The Board of Supervisors voted unanimously on June 25 to authorize County Administrator Rodney Hathaway to send a letter of intent to Motorola, Inc. for the purchase of a new regional radio system.

NEW KENT – New Kent County is considering joining a regional emergency communications team that includes Yorktown, Williamsburg, James City and Gloucester.

The Board of Supervisors voted unanimously on June 25 to authorize County Administrator Rodney Hathaway to send a letter of intent to Motorola, Inc. for the purchase of a new regional radio system.

Although New Kent is sending Motorola a letter of intent, the county has no financial obligation to sign a contract.

With the letter of intent, Motorola will conduct a survey of the county's current communication system at no cost to the county, and then provide a cost estimate for building new towers and joining the regional team. Right now, Motorola is estimating the cost at $6.7 million, although that cost could come in lower if the company can reuse any of the county's existing communication towers.

An emergency communications needs assessment, presented by Consulting Engineering Associations, Inc. in May, reported that New Kent would need four 300-foot communication towers at $1-2 million per site, as well as all portable and mobile (car/bus) radios.

These sites would expand New Kent emergency communication coverage to span the entire county and serve as a main area for organized disaster management and evacuation, especially along Interstate 64.

The communication system in New Kent currently covers 50 percent of the portable radios and 80 percent of the mobile radios in the county. The public safety standard is 95 percent.

New Kent also uses a VHF communication system, which has become antiquated by new technology, including the 800/700 mHz regional system.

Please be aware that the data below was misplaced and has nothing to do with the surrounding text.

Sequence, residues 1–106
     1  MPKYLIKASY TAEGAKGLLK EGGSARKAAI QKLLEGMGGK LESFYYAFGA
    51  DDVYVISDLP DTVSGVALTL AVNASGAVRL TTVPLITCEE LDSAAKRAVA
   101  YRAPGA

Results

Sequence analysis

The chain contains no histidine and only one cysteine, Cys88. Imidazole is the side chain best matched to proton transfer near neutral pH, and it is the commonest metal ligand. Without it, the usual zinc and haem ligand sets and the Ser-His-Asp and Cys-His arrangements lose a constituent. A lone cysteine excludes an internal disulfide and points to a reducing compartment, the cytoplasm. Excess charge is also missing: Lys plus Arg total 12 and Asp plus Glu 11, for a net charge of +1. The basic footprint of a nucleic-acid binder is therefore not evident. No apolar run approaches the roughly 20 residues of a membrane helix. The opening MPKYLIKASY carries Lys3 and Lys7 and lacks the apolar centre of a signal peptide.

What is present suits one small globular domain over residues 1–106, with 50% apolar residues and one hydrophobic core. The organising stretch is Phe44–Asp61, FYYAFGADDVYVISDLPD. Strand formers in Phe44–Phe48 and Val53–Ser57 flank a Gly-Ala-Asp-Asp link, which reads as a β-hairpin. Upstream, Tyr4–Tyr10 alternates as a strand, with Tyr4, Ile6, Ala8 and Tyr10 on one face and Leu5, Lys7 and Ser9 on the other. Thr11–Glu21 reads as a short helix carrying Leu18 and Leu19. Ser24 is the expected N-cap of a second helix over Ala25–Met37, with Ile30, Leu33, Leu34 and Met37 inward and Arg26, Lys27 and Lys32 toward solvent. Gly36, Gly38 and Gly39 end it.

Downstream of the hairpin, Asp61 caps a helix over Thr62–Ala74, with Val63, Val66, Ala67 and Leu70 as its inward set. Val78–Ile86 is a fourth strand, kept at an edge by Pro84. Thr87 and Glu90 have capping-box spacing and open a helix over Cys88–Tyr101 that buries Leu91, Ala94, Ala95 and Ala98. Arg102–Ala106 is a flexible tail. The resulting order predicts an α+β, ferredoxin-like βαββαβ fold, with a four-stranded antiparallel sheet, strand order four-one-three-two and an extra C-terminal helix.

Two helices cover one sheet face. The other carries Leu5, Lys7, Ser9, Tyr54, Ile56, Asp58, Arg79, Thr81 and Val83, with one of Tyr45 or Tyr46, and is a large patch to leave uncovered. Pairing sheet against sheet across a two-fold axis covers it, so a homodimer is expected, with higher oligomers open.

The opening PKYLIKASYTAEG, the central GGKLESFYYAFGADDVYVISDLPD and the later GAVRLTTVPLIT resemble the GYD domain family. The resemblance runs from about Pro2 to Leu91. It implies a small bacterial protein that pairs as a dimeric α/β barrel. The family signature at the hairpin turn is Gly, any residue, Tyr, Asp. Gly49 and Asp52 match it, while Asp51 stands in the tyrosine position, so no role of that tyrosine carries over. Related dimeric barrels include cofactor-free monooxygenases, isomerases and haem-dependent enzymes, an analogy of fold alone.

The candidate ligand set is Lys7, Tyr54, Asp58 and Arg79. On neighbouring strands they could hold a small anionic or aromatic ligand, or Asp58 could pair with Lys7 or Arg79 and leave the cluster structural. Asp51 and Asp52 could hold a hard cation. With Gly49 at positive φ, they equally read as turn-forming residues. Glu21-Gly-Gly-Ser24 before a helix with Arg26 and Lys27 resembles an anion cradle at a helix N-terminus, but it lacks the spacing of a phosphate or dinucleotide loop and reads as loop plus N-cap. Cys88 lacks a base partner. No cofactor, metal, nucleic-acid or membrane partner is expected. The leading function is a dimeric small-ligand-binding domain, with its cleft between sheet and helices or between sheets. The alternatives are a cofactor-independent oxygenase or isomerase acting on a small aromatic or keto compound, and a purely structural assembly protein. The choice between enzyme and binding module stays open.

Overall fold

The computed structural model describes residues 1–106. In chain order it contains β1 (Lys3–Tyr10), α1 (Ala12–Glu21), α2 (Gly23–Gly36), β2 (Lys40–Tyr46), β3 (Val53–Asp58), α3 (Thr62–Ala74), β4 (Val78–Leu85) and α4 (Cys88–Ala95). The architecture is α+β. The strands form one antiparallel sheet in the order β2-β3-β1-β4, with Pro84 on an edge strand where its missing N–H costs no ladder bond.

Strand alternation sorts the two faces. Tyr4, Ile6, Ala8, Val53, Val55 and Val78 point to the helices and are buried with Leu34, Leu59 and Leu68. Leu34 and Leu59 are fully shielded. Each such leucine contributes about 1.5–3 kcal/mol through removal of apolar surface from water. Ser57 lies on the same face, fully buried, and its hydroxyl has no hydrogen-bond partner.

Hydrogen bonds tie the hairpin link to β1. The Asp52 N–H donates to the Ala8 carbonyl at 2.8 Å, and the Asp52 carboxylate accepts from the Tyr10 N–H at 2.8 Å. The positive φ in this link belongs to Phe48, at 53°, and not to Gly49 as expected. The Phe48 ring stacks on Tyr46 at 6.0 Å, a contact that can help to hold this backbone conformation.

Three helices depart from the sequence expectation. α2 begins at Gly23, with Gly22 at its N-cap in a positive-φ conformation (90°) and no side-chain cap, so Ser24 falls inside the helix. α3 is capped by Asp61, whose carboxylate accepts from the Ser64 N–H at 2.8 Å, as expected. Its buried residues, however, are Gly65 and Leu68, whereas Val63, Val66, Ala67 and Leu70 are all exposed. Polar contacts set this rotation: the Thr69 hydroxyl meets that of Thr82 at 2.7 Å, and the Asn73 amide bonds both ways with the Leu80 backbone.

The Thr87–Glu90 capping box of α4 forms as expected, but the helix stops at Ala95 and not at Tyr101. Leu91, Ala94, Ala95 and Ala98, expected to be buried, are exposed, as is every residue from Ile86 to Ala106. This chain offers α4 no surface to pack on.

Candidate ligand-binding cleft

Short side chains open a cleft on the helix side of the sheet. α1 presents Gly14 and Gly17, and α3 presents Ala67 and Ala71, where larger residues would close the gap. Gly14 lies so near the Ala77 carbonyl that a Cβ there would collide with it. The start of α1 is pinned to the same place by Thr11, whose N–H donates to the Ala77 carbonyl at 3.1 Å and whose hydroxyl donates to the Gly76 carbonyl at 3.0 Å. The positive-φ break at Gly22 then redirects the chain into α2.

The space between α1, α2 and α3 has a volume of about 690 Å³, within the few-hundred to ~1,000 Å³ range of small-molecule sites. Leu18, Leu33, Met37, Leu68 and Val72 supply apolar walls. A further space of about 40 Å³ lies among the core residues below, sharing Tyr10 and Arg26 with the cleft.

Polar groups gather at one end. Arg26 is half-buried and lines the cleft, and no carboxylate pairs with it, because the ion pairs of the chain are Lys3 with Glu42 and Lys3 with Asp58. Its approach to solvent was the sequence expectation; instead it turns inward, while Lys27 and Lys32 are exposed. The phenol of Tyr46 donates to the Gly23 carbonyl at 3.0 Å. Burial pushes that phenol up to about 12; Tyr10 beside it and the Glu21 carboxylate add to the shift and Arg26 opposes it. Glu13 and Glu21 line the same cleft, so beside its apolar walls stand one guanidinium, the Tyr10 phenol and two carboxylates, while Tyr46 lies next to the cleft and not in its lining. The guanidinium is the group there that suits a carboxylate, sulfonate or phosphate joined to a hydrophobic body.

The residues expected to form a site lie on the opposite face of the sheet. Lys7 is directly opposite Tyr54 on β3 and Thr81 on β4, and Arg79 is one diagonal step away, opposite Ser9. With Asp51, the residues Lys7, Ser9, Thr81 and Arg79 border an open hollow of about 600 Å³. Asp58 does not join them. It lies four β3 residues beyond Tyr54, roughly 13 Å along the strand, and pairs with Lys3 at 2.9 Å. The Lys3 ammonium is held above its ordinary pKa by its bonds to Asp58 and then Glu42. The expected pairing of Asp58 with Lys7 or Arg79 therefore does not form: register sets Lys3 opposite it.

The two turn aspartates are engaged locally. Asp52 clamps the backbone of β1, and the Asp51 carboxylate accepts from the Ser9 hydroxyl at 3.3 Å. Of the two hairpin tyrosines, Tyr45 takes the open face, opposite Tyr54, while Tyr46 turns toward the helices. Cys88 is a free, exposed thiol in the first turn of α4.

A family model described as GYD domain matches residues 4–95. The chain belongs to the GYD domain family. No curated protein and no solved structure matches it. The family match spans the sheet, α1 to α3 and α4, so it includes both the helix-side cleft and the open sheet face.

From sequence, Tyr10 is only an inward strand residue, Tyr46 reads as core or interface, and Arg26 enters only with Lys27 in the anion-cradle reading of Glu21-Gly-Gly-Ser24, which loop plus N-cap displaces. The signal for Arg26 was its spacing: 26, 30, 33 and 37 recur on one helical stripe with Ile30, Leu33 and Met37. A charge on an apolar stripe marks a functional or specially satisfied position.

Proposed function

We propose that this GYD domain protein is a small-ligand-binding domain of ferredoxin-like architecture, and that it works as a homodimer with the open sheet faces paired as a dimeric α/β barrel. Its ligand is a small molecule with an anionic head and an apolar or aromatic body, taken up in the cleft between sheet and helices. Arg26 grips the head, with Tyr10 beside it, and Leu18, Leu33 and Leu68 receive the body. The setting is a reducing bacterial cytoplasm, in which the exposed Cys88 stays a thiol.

New Kent County's Financial Consultant Ted Cole, of Davenport & Associates, presented the county on June 25 with two payment options, both of which include deferred payments and the reallocation of the Fiscal Year (FY) 2015 two-cent tax increase totaling $486,000, originally set for the now defunct historic high school project, and raising taxes another penny in FY2016 and FY2018, which would total another $486,000.

If the county chooses to pay some of the money upfront, the total debt could be reduced to around $5.9 million. The first annual payment of $723,000 would be deferred until Aug. 1, 2015 (FY16). The system would be paid off in 10 years, the estimated life span of the equipment before needing repairs.

Two years after the system goes online, the county will also have to fund the system's $211,000 annual maintenance cost. This figure takes into consideration cost savings from maintaining the current system.

Cole explained that in the other financing option, the county could make a slightly larger payment upfront but start payments a year later, on Aug. 1, 2017 (FY16) This would increase the annual cost to $750,000, or $27,000 more every year.

Motorola will provide the county with its findings in three or four weeks. The Board of Supervisors will then decide by Aug. 1 if they will sign a contract to become part of the regional team.

Currently, New Kent County has $57 million in debt, with the majority, or $51 million, going toward school projects. With a 20,000 population, New Kent averages a debt of $2,900 per person.

It has a $900,000 debt service fund that is due to run out in FY17, which is why Cole is proposing that the county raise taxes in FY16 and FY18.

“All of [New Kent's] existing debt is being paid for in a sustainable fashion and I don't see this project being any different,” he said.

“Without the tax increases, [the county] will see a shortfall and have to find a way to cover that money.”

Martin can be reached by phone at 804-885-0040.